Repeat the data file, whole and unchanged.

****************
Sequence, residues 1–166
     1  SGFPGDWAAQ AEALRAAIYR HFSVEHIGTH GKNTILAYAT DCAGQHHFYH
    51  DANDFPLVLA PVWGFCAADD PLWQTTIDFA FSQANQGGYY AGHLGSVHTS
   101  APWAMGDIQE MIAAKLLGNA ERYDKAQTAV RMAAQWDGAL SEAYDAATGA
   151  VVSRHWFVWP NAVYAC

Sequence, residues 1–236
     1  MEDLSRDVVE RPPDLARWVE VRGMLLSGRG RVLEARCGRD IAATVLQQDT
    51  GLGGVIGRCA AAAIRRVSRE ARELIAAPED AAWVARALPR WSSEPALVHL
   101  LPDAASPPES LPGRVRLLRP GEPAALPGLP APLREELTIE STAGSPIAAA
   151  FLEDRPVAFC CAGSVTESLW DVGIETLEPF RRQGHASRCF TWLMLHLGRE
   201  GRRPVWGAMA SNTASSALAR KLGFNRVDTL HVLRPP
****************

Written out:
Sequence, residues 1–166
     1  SGFPGDWAAQ AEALRAAIYR HFSVEHIGTH GKNTILAYAT DCAGQHHFYH
    51  DANDFPLVLA PVWGFCAADD PLWQTTIDFA FSQANQGGYY AGHLGSVHTS
   101  APWAMGDIQE MIAAKLLGNA ERYDKAQTAV RMAAQWDGAL SEAYDAATGA
   151  VVSRHWFVWP NAVYAC

Sequence, residues 1–236
     1  MEDLSRDVVE RPPDLARWVE VRGMLLSGRG RVLEARCGRD IAATVLQQDT
    51  GLGGVIGRCA AAAIRRVSRE ARELIAAPED AAWVARALPR WSSEPALVHL
   101  LPDAASPPES LPGRVRLLRP GEPAALPGLP APLREELTIE STAGSPIAAA
   151  FLEDRPVAFC CAGSVTESLW DVGIETLEPF RRQGHASRCF TWLMLHLGRE
   201  GRRPVWGAMA SNTASSALAR KLGFNRVDTL HVLRPP